SEIU 1021

Marin Housing Authority Chapter President reflects on the racial justice nature of their contract fight

Marin Housing Authority Chapter President Carrie Smith addresses the Board of Commissioners over Marin Housing Authority's inability to attract adequate levels of union staff

Since November 2023, Marin Housing Authority (MHA) employees have been fighting for a fair contract. Their main issue? According to employees, contractors such as Nan Mackay have been replacing union jobs and terrorizing Marin County’s most vulnerable with faked inspections and false eviction notices.

Due to bold resistance from a coalition of MHA employees, residents, and Marin County taxpayers, the Board recently agreed to phase out the vast majority of its contract with Nan Mackay.

While an important concession, MHA residents continue to live in dangerous, demoralizing conditions due to rats, mold, problematic plumbing, and dubious electrical wiring. MHA must become an employer capable of attracting adequate levels of union staff.

While these conditions are an issue of understaffing and the dangers of contracting out, they are also an issue of racial justice.

MHA Chapter President Carrie Smith reflects on the racial justice nature of their fight, describing the history of Golden Gate Village, the largest public housing project in Marin County:

“Caset Cep of The New Yorker reports that ‘of the more than ninety-five thousand entries on the National Register of Historic Places – the list of sites deemed worthy of preservation by the federal government – only two percent focus on the experiences of Black Americans.’ This makes Golden Gate Village a rarity in this regard – for far too often, our elected officials have forgotten the racist, violent history that has marred our country’s collective march toward freedom and justice for all.

In this spirit, let us restate the context for why the overwhelming majority of Golden Gate Village residents are African American. During World War II – a war in which more than 400,000 Americans sacrificed their lives to stop the specter of worldwide fascism – nearly 6,000 civilians signed up to help build Liberty ships in the Marin shipyards.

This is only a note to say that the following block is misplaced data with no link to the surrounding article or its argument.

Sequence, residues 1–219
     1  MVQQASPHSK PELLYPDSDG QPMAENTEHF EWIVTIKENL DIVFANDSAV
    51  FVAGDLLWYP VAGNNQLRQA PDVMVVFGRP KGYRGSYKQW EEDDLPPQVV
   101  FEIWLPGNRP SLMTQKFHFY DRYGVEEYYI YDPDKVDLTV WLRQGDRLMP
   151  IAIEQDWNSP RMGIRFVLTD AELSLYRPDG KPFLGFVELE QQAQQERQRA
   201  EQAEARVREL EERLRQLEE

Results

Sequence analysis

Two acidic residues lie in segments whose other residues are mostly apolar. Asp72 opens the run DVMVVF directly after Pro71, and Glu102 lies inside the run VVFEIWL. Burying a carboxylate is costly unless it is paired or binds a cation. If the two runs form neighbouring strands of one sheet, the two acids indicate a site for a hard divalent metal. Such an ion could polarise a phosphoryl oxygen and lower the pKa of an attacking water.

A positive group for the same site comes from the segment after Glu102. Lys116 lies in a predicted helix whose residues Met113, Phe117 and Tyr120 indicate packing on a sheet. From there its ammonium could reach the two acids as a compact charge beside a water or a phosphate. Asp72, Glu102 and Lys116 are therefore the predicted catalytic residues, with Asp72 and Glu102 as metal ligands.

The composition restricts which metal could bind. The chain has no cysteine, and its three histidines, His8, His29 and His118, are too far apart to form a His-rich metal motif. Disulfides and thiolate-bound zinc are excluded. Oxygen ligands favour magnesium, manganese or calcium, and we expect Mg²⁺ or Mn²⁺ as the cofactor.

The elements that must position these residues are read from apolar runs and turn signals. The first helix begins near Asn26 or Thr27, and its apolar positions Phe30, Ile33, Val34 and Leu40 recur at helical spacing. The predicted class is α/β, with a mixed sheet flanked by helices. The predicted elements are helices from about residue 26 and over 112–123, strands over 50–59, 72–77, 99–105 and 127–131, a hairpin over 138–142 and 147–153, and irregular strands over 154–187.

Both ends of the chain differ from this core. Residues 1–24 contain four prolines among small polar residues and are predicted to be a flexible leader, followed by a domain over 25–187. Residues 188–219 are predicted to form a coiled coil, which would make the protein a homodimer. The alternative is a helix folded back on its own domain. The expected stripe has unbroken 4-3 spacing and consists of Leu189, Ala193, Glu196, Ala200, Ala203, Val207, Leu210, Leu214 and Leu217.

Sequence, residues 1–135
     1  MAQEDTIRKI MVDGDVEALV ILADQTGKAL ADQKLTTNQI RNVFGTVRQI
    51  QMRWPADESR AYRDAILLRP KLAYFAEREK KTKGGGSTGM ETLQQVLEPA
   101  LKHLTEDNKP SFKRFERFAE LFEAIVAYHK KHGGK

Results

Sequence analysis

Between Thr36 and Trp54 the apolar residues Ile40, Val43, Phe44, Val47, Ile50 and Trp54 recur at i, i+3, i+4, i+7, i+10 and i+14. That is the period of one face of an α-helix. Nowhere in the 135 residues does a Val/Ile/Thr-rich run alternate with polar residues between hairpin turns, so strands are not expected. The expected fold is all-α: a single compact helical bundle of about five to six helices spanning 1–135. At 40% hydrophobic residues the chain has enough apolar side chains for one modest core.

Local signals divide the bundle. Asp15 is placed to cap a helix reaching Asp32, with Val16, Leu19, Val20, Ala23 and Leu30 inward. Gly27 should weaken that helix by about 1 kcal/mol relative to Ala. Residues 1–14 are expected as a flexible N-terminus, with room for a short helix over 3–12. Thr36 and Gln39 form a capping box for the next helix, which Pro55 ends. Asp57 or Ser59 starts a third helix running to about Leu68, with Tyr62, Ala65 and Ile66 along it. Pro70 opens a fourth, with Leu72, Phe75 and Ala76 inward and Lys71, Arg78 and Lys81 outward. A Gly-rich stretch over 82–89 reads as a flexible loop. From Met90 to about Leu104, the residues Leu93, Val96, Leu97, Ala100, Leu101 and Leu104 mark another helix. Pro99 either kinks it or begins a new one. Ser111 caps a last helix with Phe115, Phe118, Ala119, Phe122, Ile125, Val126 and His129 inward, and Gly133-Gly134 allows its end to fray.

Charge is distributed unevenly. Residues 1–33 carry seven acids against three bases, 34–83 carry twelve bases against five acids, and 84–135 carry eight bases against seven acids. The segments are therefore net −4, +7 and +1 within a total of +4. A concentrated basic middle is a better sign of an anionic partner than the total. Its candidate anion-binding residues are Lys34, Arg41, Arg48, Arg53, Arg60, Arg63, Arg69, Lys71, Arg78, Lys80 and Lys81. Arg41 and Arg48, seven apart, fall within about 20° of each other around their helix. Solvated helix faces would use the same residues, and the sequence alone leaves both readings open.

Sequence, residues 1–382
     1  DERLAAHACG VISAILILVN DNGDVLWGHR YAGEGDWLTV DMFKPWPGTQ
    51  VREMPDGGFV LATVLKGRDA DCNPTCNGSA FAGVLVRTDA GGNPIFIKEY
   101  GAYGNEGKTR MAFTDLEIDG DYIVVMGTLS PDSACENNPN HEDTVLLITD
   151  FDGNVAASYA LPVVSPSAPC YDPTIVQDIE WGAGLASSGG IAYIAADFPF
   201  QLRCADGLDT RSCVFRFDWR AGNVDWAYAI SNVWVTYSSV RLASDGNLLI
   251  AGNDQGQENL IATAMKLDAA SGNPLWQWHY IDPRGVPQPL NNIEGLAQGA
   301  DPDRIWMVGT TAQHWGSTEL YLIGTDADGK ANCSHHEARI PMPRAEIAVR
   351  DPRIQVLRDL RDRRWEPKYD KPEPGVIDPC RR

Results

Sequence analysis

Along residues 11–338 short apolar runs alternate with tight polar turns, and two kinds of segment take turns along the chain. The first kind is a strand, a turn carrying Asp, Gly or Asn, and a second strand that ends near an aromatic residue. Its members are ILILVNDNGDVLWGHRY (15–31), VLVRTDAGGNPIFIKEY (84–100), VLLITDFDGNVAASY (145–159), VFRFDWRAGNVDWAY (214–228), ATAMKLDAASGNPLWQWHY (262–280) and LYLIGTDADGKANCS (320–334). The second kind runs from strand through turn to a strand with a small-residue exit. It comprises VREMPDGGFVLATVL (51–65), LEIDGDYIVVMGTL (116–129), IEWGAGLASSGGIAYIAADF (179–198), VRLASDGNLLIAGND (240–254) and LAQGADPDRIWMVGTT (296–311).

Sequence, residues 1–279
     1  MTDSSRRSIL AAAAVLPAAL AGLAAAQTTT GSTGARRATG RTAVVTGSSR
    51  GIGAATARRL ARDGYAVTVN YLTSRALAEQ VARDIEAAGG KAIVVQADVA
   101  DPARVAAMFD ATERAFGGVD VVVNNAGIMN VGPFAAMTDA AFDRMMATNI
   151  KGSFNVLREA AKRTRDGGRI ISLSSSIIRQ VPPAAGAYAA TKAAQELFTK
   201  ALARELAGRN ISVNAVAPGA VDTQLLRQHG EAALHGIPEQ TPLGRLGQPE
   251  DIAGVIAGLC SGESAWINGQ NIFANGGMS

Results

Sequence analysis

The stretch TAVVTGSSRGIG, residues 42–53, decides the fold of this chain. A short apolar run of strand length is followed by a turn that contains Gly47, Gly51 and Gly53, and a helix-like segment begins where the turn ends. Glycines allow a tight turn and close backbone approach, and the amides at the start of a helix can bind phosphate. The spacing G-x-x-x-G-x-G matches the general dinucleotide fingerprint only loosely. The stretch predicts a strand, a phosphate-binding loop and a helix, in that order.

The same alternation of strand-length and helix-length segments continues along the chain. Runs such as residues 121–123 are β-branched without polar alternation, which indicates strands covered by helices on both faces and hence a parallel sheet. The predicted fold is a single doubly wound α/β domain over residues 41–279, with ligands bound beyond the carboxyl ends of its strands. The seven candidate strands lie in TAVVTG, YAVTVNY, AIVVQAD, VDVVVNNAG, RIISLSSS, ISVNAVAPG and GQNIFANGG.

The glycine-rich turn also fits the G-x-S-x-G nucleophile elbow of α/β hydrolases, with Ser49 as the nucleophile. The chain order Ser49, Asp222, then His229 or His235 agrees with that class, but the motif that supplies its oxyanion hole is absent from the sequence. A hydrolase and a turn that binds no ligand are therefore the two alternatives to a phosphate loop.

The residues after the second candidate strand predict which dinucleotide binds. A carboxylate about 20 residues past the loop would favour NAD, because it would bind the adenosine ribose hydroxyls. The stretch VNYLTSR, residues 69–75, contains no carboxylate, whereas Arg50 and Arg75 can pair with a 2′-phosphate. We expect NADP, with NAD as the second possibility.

Following the war, the majority of the white shipyard workers left Marin, having secured financial prosperity from their labor. African American workers, however, were largely left behind and impoverished, a direct result of the County’s redlining practices. This is the historical context in which Golden Gate Village was built: to house the African American patriots whom this County failed.

We failed Marin County’s African American population during World War II, and we are continuing to fail our County’s African American population today.

In one of the wealthiest counties in California, we should not be subjecting our African American public housing residents to living conditions with rats, mold, problematic plumbing, lack of heating, and dubious electrical wiring. In doing so, we are lunging a knife into scars, opening wounds, and deepening the structural racism MHA’s mission stands against.  

We must make MHA an employer capable of attracting adequate levels of union staff. We demand that the MHA negotiates with its employees in good faith.”

MHA employees recently concluded a two-day unfair labor practice strike, a strike that was authorized with a unanimous ‘yes’ vote.

Carrie Smith and MHA employees—including maintenance staff, case managers, program specialists, and housing locators—understand that their contract issues are ultimately social issues. They are one and the same. When we wage our contract fights, we also fight for our communities.